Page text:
Amicus Brief: HRDC v. Baxter County
The Rutherford Institute has asked a federal appeals court to strike down an Arkansas county jail’s postcard-only policy that limits the mail prisoners can send and receive to postcards, arguing that the restriction violates the First Amendment.
In an amicus brief in HRDC v. Baxter County filed in conjunction with R Street Institute, the Clark-Fox Family Foundation, Arch City Defenders and Americans for Prosperity, The Rutherford Institute pointed to historic examples of prisoner communications—such as St. Paul’s epistles written from prison, the letters of Martin Luther King, Jr., and German theologian Dietrich Bonhoeffer—as examples of the kinds of writings that could be inhibited or prevented by the postcard-only rule.
Affiliate attorneys Mark Sableman, Michael L. Nepple, and Anthony F. Blum of Thompson Coburn assisted in advancing the arguments in the Human Rights Defense Center brief.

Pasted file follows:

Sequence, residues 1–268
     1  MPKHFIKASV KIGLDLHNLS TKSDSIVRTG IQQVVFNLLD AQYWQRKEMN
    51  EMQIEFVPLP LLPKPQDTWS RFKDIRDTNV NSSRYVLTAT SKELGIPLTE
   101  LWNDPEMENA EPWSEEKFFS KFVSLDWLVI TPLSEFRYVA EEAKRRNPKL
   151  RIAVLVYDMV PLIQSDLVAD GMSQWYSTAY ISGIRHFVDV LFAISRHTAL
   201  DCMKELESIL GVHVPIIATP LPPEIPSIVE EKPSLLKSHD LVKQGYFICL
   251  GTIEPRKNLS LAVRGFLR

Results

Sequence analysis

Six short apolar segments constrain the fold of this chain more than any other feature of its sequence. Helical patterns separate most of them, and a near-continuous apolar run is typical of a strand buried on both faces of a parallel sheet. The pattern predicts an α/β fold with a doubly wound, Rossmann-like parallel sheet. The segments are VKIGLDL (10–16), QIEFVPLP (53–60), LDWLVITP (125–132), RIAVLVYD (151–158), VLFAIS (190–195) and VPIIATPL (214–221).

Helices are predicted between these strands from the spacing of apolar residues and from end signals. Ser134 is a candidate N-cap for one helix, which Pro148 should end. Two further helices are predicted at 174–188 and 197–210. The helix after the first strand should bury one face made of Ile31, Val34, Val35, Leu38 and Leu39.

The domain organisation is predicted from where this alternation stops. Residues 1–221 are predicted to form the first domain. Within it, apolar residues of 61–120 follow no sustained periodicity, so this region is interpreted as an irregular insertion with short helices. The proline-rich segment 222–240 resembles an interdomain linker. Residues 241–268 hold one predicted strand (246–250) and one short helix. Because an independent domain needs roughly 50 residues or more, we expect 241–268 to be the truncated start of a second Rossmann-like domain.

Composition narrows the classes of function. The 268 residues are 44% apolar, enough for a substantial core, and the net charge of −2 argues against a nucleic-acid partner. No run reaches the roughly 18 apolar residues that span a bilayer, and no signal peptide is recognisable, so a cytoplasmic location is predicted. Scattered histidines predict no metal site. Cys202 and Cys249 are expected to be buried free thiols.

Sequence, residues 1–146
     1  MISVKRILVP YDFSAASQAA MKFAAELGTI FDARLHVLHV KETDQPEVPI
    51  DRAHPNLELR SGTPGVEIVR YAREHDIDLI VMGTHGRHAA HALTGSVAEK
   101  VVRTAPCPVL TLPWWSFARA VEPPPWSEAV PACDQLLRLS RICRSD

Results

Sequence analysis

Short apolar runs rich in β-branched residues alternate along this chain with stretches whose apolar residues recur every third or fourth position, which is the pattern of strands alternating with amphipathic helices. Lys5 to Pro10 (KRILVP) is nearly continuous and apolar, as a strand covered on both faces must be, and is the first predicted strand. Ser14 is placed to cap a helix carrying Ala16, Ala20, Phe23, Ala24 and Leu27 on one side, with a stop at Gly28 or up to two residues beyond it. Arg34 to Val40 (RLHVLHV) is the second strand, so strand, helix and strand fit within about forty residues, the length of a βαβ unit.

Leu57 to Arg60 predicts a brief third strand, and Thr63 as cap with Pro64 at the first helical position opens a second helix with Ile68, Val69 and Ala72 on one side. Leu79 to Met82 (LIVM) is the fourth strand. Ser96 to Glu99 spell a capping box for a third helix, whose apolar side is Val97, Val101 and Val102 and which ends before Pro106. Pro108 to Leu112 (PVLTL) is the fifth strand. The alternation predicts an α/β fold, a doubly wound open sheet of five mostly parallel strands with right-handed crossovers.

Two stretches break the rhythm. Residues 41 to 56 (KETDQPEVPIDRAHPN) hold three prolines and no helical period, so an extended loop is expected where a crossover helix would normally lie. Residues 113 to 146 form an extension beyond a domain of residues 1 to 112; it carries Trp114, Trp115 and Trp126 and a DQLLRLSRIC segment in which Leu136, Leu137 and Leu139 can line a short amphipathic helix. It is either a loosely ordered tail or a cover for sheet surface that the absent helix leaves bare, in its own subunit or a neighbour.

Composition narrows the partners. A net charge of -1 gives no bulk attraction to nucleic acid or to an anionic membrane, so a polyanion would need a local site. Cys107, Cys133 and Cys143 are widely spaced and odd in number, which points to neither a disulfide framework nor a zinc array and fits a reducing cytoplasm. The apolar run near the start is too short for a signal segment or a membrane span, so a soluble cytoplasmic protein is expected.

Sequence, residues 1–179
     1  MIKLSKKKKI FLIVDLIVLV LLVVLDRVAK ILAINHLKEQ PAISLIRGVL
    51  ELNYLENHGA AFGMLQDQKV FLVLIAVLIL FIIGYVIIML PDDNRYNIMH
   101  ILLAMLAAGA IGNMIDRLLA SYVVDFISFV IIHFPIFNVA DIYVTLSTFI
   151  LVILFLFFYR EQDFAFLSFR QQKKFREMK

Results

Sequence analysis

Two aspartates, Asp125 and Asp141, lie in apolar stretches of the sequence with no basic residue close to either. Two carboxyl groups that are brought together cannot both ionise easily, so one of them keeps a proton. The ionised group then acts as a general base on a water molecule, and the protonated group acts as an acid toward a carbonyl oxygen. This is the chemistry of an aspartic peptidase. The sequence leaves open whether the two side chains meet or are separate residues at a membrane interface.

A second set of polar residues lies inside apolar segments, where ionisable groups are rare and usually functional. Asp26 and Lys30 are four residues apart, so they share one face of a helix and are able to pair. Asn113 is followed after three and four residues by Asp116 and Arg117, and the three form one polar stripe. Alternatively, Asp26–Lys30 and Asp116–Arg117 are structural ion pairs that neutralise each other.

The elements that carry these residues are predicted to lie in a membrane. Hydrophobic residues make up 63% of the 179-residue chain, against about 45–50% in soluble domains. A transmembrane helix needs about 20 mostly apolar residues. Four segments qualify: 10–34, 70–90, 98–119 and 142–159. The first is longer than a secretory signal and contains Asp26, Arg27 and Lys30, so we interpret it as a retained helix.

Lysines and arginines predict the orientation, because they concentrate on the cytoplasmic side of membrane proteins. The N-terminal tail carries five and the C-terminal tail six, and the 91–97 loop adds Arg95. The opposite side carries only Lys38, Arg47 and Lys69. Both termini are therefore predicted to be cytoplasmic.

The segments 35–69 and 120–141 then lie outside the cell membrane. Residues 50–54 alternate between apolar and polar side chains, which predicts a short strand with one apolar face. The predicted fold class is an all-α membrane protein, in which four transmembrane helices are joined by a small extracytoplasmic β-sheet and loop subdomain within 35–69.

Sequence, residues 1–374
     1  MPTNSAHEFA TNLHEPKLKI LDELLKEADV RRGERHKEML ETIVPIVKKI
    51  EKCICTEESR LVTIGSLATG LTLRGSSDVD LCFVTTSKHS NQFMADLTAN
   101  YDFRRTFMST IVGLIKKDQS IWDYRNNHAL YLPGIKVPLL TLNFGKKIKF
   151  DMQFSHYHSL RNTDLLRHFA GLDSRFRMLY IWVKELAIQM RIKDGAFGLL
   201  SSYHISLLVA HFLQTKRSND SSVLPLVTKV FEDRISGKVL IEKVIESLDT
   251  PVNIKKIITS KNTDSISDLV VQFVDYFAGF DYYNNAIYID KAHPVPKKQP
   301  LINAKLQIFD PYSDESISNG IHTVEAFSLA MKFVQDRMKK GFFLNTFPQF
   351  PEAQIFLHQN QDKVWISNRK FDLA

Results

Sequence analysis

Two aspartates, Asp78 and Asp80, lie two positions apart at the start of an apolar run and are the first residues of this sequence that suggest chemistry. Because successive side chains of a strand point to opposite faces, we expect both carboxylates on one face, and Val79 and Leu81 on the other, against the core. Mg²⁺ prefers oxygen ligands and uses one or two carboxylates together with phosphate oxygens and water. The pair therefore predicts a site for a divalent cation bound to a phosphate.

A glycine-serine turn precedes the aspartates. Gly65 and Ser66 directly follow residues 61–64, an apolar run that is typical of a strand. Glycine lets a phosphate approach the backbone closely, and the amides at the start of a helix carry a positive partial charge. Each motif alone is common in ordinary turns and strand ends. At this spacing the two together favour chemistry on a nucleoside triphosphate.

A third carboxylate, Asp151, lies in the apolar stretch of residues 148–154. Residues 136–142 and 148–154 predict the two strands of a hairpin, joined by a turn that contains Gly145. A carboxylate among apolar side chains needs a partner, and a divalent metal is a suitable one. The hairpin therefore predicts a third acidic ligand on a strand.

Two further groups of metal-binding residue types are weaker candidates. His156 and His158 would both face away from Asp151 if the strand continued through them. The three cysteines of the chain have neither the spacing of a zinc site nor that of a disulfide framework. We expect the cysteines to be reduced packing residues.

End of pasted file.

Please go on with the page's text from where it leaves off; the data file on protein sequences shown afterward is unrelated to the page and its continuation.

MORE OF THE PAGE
“Prisoners in Birmingham, Alabama, during the height of the civil rights movement, Nazi Germany, and the Roman Empire all had greater freedom in prisoner communications than prisoners in Arkansas are afforded,” said constitutional attorney John W. Whitehead, president of The Rutherford Institute and author of Battlefield America: The War on the American People. “Martin Luther King Jr.’s Letter from a Birmingham Jail is perhaps the most famous prison letter of modern times. But that letter would not have been allowed had these postcard-only policies been in effect. Indeed, if King had been limited to postcards, at the typical postcard length of about 100 words, his treatise on the need for racial justice in America would have filled 70 postcards and taken nearly five months to mail out under the current Arkansas jail policy. Likewise, under this policy, Dietrich Bonhoeffer—imprisoned for challenging the Nazi regime—would never have been able to share his thoughts about faith, courage and tyranny, which were preserved in his letters to family and friends.”